Emmett Till was a 14-year old African-American teenager whose story is one of the most tragic events to happen in modern American history.
He was born Emmett Louis Till in Chicago, Illinois on July 25, 1941. His parents were Louis Till and Mamie Carthan Till. While in the Army, his father was executed for rape and murder in Italy, although his family was not informed as to the specifics of his death. They also experienced difficulties due to Emmett’s bout with polio. Though he later recovered, the condition left him with a speech impediment.
Emmett’s mother’s roots were in Mississippi. In August of 1956, she decided to send her son to Money, Mississippi to stay briefly with relatives there. This was during a time when the South was segregated and there were strict codes of behavior expected of African-Americans by whites. Mamie Till explained to “Bobo,” as Emmett was nicknamed, about these matters and warned him to be cautious while down South.
Unfortunately, the boy failed to heed his mother’s advice.
Emmett Till accompanied a group of other teens on August 24, 1955 to a white-owned store in the small Mississippi town he was sent to. Reportedly, the other teens urged him to flirt with Carolyn Bryant, who co-owned the store with her husband Roy. Taking them up on their dare, Emmett offended the white woman by allegedly wolf-whistling at her. Although he left the store, Bryant told her husband that Till had used inappropriate language in her presence, asked her for a date and put his arm around her.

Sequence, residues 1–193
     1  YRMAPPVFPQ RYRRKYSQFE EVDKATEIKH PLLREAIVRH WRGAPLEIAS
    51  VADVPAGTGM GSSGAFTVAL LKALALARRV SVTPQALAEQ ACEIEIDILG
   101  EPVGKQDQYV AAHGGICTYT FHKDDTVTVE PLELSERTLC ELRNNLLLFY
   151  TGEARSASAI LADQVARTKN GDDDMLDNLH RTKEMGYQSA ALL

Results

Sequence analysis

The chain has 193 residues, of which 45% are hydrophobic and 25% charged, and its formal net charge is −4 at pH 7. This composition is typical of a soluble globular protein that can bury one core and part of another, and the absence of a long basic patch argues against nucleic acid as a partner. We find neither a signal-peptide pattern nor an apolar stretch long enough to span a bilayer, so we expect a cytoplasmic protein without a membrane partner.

Furious, Roy Bryant, along with wife Carolyn and half-brother JW Milam , allegedly drove to the home where Emmett Till was staying. On August 28, 1955, he was kidnapped and driven off in a pickup truck. He was then brutally beaten and shot to death. His bloated corpse was later found in the Tallahatchie River by two fishermen. It was weighted down by a cotton gin fan. The 14-year-old’s body was in such horrid condition that it could only be identified by a ring his mother had gifted him with.
Mamie insisted in having an open-coffin funeral in a public setting, so that the world could see the savagery done by those who killed her son. Photographs of Emmett’s body had such an emotional impact that they helped fuel the intensity of the Civil Rights Movement in America.
He was buried in Alsip, Illinois at the Burr Oak Cemetery.
Although Roy Bryant and his half-brother were tried for the murder of Emmett Till, they were acquitted by an all white, all male jury, which caused much anger in the African-American community. Afterwards, they confessed to the crime during a shocking Look magazine interview, but were never penalized. Both men became social pariahs in their town following the murder trial and both were later felled by cancer.
Emmett Till’s mother Mamie continued to remind the world of his murder and the hatred behind it until she died at 81-years-old in 2003.